• 1S = 8+ HCP, 5+ hearts
  • 1NT = 8+ HCP, 5+ clubs
  • 2C = 8+ HCP, 5+ diamonds
  • 2D = 8-13 HCP, balanced
  • 2H, 2S, 3C, 3D = 4-6 HCP, six-card suit
All of these positive responses can be made on less than 8 HCP with a good enough reason. I'd certainly show a positive hand with




Over partner's transfer positive, opener can bid the suit shown to show a fit and start a (short - for now) series of asking bids. Here's an example of our asks at work:



1C - 2C;
2D - 3H;
3S - 4C;
4N - 5H;
7D - P.

1C = 16+, artificial
2C = 5+ diamonds, 8+ HCP (game force)
2D = Tell me more!
3H (sixth step)= Six-card suit with one of the top three honors
3S = Tell me more!
4D (third step)= Three controls outside diamonds (A=2, K=1; this must be the ace of clubs and king of spades)
4NT = Keycard ask in diamonds (eventually we'll use 4H for this, but we haven't gotten around to discussing all the ramifications of this yet); opener doesn't yet know if responder's suit is Axxxxx or Qxxxxx
5H = Two keycards without the queen of diamonds
7D = Six diamonds plus AK of the other three suits is twelve tricks... if partner has club length I can get a club ruff for the 13th. With my club shortness it makes it more likely that he has length there. Well, here goes -- I hope he has 3+ clubs or a major-suit queen!

How would you and your partner get to this 29 HCP grand slam?

Tuesday, December 23, 2008

Charlottesville Sectional

The Charlottesville Winter Sectional was an amazing success. Table count was up a lot from last year. It was successful for us, too -- for the second Charlottesville tournament in a row Meg and I were 1st and 2nd in the masterpoint race. (You can check out my post on the last tournament here.) This time, she edged me out-- she played one session with our friend and teammate Geoff (3rd on this tournament's list) while I played with our buddy Al. Meg and Geoff placed, we didn't... so it goes. I'll get her next time!

Playing together, we had two event wins and three third overalls. This was a surprisingly strong showing; I wasn't expecting to do great things this tournament. We'd just made the switch over to playing Transfer Precision. There are always some speedbumps with system changes, especially sweeping ones like that.... and there were. Happily, the few misunderstandings we had didn't cost. Our best event was the Saturday night Swiss-- we won all four of our matches for a total of 72 Victory Points out of a possible 80. We outscored the opponents 119-3! Those 3 imps were my fault. I held:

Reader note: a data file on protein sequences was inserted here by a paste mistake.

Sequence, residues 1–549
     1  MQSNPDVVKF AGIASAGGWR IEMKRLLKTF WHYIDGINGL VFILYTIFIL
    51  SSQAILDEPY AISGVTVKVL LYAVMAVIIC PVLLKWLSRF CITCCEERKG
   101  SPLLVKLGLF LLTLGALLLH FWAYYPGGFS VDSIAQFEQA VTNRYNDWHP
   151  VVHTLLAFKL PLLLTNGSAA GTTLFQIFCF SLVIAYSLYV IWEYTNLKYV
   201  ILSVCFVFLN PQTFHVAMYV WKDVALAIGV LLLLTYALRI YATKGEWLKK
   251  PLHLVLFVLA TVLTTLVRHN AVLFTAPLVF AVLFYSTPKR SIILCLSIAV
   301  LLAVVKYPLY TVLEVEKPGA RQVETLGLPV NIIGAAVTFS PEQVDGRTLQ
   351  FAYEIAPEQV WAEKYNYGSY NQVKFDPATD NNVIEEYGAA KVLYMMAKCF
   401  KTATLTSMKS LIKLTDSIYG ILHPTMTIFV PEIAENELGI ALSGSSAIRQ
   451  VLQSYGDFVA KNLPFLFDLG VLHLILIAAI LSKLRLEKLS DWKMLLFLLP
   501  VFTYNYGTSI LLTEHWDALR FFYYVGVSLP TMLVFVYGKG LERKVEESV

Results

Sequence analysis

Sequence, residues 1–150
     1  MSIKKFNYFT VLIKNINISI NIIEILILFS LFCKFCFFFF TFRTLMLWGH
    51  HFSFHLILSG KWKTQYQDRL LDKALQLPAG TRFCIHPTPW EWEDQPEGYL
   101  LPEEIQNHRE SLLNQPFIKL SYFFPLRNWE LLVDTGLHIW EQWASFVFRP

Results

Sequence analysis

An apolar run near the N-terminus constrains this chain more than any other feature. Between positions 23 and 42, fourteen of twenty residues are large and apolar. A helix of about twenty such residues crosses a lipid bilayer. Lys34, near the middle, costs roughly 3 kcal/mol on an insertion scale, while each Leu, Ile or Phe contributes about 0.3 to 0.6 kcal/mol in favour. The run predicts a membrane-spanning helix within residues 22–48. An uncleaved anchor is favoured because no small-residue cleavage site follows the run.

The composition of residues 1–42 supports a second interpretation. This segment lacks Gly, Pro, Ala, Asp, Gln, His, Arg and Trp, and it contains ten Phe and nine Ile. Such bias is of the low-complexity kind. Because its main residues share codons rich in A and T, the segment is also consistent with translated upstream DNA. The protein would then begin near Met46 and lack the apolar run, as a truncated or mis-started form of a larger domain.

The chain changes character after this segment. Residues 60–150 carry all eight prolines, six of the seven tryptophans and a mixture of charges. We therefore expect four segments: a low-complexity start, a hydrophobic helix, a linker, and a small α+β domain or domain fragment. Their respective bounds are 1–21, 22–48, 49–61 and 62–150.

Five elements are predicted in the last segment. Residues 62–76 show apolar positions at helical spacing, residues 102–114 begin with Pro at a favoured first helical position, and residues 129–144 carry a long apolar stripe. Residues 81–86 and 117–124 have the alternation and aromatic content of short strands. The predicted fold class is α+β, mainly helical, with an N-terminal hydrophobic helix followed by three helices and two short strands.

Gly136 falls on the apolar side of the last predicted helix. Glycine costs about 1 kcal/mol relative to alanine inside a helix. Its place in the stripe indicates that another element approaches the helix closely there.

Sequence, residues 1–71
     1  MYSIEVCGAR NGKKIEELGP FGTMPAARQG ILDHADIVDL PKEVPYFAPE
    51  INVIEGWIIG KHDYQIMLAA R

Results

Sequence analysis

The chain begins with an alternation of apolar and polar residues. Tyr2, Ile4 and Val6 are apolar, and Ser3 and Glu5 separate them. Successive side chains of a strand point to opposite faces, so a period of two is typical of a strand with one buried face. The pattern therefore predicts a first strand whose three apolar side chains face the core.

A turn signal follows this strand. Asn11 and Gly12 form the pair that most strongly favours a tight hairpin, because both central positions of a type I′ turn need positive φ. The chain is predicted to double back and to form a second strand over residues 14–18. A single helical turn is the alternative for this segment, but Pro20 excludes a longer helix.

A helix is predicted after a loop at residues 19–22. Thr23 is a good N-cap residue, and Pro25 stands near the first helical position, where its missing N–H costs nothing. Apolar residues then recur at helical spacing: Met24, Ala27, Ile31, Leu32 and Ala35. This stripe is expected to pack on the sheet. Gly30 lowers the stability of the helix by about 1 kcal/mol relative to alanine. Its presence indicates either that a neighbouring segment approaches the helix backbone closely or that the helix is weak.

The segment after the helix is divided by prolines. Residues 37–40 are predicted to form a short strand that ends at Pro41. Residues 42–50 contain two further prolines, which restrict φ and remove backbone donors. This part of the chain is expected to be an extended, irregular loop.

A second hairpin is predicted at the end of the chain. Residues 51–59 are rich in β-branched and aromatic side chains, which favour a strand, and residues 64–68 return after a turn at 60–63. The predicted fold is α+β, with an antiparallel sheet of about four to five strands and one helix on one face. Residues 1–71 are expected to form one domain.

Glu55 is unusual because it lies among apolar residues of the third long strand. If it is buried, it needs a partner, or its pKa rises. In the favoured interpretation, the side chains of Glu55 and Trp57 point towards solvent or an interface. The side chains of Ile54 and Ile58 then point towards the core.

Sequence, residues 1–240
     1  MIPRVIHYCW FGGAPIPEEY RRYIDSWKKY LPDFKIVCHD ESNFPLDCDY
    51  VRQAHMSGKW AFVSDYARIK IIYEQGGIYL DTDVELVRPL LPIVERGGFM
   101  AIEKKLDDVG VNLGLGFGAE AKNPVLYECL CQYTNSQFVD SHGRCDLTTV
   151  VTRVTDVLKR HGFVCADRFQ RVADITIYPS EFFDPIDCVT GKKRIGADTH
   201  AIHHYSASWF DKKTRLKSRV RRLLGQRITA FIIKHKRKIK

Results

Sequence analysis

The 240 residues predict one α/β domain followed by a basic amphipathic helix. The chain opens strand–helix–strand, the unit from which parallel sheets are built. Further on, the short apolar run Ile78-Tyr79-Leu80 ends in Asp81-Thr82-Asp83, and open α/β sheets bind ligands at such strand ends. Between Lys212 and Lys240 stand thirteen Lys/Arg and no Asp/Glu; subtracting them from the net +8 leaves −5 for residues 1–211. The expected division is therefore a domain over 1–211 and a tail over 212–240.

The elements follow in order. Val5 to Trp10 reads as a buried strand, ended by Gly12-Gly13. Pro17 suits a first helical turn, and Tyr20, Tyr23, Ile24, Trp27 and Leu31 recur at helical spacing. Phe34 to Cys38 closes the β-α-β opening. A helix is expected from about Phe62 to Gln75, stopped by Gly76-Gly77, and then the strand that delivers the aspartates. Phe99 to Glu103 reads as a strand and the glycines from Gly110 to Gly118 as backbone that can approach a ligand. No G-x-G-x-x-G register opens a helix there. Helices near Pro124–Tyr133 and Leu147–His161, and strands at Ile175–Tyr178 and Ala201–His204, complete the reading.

Meg opened 1C (strong, artificial, and forcing). I could have bid 2H to show 4-6 HCP and a long heart suit, but I decided that Jx of spades wasn't worth the full 1 HCP. I planned to show a 0-3 hand on the next round...and maybe I should have. So I bid a conventional 1D, (usually) negative.

If Meg had rebid 1H (Kokish; hearts or balanced), I could have rebid 2D showing an awful hand with long hearts. But her rebid was 2C. Now I reevaluated... I had a fit for partner's long suit and two doubletons! So I bid 2H trying to find a fit there. When she rebid 3C, I gave up.

She went down two for -200. The opponents went down 100 in 2H at the other table. Had I bid 2H immediately or passed her 2C, we would have pushed the board and been perfect for the event! Oh well...

Monday, December 22, 2008

Let's defend!

You're vulnerable, they're not. You're leading the field in the penultimate match of a sectional Swiss Team event. Against the second-place team (a very solid, if unspectacular bunch) nothing of much interest has happened in the first few boards. On board three you pick up:


Your RHO opens 1C in first seat, and your side stays out of the auction. The opponents bid

1C - 1H;
1S - 2D!;
2N - 3H;
3N - P.

Upon querying you find out that 2D was an artificial game force. Before you make the opening lead, you try to reconstruct the opposing hands.

RHO opened 1C, rebid 1S, showed a diamond stopper, and denied any heart support. It seems like he holds 4135 (possibly 4144 with great clubs and awful diamonds).

LHO responded 1H, forced to game, then rebid his hearts even after his partner denied holding three. So he must have six hearts. Not much more is known about his hand (except that he's wildly unlikely to have four spades). Let's give him a tentative 3622.

If those are the shapes of the unseen hands, what does that leave partner? Three spades, two hearts, five diamonds, and three clubs (3253).

(By the way-- if you don't do something like this before your opening leads, you should try it. It's amazing the things you can figure out before seeing any of the other 39 cards.)

So now that you have a reasonable picture of the unseen hands, what should you lead? Diamonds feel right; they're your side's probable eight-card fit. So which diamond? You decide that it's probably right to start untangling the honors. So which one - the queen or the ten? It's just barely possible that LHO is 3613 or 3712 with the singleton jack of diamonds, so you decide to table the queen of diamonds. Dummy comes down and you see: